The seals were found by a group of veterinary students near Beach Point.
The 10 grey seal pups examined so far had severely fractured skulls, said Pierre-Yves Daoust, a wildlife pathologist at Charlottetown's Atlantic Veterinary College.
Radiological images were taken of eight of the pups and none showed metal fragments, indicating they were not shot.
Daoust said he has not seen large numbers of dead seals like this before, and he and fisheries officers were suspicious from the start that the seals were killed by people.
"It is a black eye … to Prince Edward Island, and to the Maritimes," said Daoust.
The necropsy showed that not all the animals were killed instantly by their injuries, and that all were left to freeze.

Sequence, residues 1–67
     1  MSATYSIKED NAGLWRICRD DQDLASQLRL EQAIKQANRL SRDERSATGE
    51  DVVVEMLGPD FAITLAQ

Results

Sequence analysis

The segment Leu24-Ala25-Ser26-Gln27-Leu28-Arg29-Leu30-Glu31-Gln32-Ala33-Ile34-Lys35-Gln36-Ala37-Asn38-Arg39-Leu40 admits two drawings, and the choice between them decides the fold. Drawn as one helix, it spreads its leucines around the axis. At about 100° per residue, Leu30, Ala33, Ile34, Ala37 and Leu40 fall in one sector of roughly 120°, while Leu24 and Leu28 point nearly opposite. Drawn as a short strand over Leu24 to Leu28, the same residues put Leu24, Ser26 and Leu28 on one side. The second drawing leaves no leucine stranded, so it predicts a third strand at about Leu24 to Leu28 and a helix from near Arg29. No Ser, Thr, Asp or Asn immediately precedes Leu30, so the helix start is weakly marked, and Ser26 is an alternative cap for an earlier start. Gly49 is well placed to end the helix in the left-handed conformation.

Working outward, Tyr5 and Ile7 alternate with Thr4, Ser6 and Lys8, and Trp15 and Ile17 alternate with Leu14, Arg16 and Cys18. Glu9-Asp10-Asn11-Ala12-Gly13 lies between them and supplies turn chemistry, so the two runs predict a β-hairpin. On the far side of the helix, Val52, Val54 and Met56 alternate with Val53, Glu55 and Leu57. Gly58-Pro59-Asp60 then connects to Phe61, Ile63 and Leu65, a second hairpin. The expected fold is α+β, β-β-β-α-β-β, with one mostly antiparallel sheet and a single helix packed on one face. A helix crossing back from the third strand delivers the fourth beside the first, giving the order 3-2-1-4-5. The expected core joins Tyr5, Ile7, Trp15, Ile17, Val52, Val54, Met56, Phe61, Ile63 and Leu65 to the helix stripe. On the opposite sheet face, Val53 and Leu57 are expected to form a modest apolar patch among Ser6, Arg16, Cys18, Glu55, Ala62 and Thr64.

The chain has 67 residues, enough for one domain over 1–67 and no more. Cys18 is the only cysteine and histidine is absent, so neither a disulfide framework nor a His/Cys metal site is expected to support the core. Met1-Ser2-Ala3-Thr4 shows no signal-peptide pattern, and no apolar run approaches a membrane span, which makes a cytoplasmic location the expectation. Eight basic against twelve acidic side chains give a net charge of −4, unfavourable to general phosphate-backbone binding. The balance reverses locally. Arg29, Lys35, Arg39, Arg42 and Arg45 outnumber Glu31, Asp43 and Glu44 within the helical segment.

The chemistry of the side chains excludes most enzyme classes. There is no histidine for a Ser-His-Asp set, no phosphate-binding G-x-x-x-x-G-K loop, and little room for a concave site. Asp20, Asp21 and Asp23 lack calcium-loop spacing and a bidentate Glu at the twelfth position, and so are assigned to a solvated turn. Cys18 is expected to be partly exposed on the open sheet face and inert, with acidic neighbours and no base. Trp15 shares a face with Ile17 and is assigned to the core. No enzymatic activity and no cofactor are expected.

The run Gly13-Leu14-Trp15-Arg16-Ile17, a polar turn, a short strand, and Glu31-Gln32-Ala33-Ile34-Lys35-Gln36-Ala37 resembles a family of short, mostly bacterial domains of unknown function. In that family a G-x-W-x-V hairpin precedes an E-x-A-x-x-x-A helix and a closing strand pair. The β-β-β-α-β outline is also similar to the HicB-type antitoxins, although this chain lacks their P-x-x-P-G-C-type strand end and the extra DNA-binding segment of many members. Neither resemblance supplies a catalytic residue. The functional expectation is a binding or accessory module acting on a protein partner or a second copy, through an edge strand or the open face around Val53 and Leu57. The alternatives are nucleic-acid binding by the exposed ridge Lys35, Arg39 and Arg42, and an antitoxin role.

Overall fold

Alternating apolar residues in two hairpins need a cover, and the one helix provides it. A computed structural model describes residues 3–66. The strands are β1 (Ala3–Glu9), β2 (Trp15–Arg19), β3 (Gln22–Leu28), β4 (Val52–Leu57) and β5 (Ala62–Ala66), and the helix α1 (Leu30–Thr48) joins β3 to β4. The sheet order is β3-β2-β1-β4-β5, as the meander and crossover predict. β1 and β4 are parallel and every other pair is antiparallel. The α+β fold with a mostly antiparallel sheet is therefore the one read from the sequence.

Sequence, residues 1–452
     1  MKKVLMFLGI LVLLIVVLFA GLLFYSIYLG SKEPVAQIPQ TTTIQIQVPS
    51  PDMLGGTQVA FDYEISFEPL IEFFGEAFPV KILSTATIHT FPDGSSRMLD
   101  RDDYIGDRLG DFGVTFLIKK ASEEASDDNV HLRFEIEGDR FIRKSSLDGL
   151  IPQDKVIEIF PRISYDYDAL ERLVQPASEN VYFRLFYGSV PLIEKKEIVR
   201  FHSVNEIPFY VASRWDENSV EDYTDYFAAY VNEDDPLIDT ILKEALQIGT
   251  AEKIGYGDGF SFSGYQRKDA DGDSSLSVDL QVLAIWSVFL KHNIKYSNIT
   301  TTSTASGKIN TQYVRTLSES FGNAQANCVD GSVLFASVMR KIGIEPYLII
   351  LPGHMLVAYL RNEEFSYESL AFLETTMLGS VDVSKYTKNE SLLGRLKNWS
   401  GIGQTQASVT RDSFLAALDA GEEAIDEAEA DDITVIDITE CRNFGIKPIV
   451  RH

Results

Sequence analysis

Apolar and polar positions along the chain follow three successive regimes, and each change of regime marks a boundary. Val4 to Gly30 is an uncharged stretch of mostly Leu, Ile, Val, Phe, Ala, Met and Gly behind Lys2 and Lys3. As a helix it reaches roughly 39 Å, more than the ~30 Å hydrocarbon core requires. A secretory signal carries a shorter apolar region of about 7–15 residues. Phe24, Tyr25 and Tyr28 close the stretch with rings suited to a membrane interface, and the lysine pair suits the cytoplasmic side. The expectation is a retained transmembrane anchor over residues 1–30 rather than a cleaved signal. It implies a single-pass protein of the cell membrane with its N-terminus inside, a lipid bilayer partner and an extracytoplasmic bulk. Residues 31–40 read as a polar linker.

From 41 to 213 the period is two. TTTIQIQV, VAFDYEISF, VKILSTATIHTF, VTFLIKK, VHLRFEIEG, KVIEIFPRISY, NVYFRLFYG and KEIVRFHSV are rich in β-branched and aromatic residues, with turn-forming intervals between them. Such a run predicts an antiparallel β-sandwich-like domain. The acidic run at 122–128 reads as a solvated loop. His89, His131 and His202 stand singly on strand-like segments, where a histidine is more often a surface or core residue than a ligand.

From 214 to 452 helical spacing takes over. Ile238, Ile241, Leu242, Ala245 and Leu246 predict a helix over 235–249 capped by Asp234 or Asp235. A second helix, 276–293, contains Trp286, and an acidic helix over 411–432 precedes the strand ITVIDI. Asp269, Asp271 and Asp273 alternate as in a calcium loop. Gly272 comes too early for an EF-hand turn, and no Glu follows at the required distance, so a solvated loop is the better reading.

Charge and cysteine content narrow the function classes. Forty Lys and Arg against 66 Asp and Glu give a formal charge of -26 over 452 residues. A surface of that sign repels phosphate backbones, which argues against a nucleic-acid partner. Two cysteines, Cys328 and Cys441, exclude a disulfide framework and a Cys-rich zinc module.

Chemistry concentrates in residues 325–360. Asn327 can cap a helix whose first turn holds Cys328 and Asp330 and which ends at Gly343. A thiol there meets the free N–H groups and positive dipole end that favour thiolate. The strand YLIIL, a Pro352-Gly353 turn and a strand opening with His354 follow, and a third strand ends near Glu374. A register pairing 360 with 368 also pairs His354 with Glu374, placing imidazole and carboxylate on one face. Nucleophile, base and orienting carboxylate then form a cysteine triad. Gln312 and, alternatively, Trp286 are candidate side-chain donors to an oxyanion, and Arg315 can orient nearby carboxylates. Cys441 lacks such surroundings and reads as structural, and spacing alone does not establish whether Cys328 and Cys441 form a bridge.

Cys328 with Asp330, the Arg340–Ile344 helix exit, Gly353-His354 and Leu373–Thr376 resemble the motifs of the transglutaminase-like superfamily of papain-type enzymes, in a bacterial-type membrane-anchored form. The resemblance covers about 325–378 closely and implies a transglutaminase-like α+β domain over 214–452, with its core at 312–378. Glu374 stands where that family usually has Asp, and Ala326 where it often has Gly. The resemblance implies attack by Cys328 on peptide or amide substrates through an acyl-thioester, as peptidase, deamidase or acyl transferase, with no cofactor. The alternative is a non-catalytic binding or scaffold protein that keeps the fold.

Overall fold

"This cannot be done. This is not acceptable. This has nothing to do with the seal hunt. That is not what a professional sealer would do," said Daoust.
"A professional sealer would make sure that the animal is used as much as possible [and] would make sure that the animal dies as quickly as possible. When we see something like this, which is totally the opposite, … it gives such a poor image."
An incident such as this affects the whole industry, he said.
Officials from the Department of Fisheries and Oceans are investigating.